As an accidental performance specialist, in years gone by, I’m not ashamed to admit that I frequently found myself googling ‘what is performance?’.
Performance is a fairly general, innocuous word. The word has many connotations depending on your area of work or your interests. It was not an uncommon experience for me, when meeting someone new for the time and explaining I work ‘in performance’ that the conversation veered into the performing arts, or far worse, something much more technical and engineering-related before I had to hastily backtrack and explain that I meant how an organisation performs. And then watched as I failed dismally to sum it up pithily over what often became a somewhat awkward social introduction.
So after years of working ‘in performance’ I’ve amassed a wealth of tools and definitions to help me explain what I mean by performance and what it encompasses as a professional discipline. I’d like to share with you what I mean by performance in the context of how effectively an organisation and crucially, its leadership operates.
Performance management is inherently a good thing
Firstly, let us start with a presupposition. When I refer to performance, in the context of an organisation or leadership team, the word implies good performance or simply ‘doing better’. Because no wants bad performance, do they? Performance is therefore inherently positive and something to strive for. Performance management as a discipline then, simply refers to the tools at ones disposal, the things that can be done to improve performance or maintain desired levels of performance in any or all the core activities that an organisation is engaged in.
Performance management impartial and objective
The management of performance as a professional discipline is entirely impartial, objective and agnostic of any other professional discipline. In other words, performance management can be applied to any profession, area of an organisation, or business activity, be that, financial, people, technology, product, service or even how effective internal operations work in support of an organisation achieving its objectives. Importantly for me, performance management also means professional and personal conduct and these are encapsulated by the values and culture of an organisation.
Components of performance
I have come to define performance as having three components being:
Inefficiencies are minimised, risk is mitigated and positive impact is created. Performance management may focus on any one, all, or a combination of these components, they are not mutually exclusive. It is possible, for example, that by placing a direct focus on mitigating risk, an indirect benefit of reducing inefficiency is created. Let’s take a look at each of these components in turn.
Table 1: Components of performance
|Inefficiencies are minimised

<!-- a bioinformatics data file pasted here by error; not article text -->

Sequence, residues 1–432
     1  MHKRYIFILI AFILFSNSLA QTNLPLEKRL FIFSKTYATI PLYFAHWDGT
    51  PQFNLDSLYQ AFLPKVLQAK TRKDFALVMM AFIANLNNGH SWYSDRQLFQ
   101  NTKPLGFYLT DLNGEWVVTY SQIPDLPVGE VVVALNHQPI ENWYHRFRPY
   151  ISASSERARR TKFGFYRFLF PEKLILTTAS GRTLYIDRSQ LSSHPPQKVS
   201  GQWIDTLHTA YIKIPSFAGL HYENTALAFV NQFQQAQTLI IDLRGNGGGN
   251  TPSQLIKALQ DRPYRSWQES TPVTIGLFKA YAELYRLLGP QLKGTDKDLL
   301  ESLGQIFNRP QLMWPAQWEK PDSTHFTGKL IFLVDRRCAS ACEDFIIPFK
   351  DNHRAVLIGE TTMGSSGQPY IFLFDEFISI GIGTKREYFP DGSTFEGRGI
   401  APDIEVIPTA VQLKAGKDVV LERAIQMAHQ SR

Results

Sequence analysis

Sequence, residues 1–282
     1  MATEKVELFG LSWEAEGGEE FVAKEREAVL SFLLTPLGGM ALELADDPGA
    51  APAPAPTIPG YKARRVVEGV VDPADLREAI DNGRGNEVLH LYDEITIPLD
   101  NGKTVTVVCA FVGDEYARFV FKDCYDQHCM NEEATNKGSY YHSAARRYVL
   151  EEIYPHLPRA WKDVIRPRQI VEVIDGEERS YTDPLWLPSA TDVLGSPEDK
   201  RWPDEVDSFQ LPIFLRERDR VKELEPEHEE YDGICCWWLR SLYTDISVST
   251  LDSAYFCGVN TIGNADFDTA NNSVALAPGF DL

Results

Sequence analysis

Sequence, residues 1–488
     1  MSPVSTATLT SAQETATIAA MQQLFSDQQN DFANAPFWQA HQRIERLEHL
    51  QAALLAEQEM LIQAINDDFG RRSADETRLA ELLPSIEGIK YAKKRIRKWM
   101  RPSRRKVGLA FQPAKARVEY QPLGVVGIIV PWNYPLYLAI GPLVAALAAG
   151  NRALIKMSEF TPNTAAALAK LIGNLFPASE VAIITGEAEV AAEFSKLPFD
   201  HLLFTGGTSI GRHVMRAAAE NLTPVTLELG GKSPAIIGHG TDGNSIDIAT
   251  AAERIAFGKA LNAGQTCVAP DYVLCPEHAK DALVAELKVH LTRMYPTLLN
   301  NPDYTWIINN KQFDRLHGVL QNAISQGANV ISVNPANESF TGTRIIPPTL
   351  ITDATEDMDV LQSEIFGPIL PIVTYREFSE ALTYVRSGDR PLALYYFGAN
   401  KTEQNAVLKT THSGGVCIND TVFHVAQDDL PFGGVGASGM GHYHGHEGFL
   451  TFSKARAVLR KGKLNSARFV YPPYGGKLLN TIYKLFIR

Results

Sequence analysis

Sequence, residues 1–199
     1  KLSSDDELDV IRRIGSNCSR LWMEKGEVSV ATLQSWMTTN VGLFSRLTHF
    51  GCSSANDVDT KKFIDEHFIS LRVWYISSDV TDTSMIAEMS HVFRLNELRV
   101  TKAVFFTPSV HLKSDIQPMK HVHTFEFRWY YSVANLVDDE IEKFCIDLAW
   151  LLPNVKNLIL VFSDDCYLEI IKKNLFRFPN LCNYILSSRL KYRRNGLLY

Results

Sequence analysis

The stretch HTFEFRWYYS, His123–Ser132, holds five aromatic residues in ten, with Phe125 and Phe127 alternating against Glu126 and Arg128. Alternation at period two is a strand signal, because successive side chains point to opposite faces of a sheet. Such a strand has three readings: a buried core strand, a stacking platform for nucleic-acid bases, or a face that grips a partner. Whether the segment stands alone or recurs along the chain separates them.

||Hidden expenditures are identified and reduced
||Cost-benefit frameworks used to understand the true costs of activities
||Refining key business processes to save time and resources
|Risk is mitigated
||Clear strategy for managing risk where business risks are routinely identified, reviewed, mitigated or tolerated
||Improved awareness and competencies of staff with clear accountabilities and governance
||Compliance, quality control and risk management reporting is in real time and actionable
|Positive impact is created
||Better outcomes are achieved, for example a greater proportion of those using a particular product experience better results
||The reach or scope of services delivered is increased so that more people benefit
||The quality of service such as ease of access access or customer communication and satisfaction is improved
The summary above defines what performance management is. Now I’m going to explain how performance management is done. And this simply involves three things:
People + Processes + Systems
||The values and culture of an organisation, levels of employee engagement and commitment, talent management, succession planning and professional development.
||How people do what they do, how they undertake actions they are responsible for, how decisions are made, how outcomes are created. The policies, procedures and processes which have been defined (or not!) which govern business activities.
||The tools and business systems that an organisation employs such as email, databases, paper based systems to record information, document repositories, case management systems, customer relationship management systems, financial accounting software, telephony etc.
What goes wrong without performance management
For an organisation to perform well, leaders need to ensure they take care of their people, their processes and their systems, in a comprehensive way. All too often, I have seen organisations fail because they have no central vision or strategy for how they operate. It is not uncommon for the HR or people department to operate entirely separately from the ICT department, for oversight of critical business processes to sit separately across all the different teams who may be engaged in a process, without any of the teams having visibility of what the others teams do, and no one person having visibility of the whole process. Such short-comings result in a lack of transparency and failures in accountability, which can, in the most severe cases, result in culpability of executive leaders.
So as a leader, what are you currently doing to ensure that your organisation is performing? Are you experiencing challenges in areas similar to those noted in this post? I can help you to clearly define the outcomes you are seeking and to unpack the issues you face to produce a robust plan for achieving your results.
Get in contact to find out more.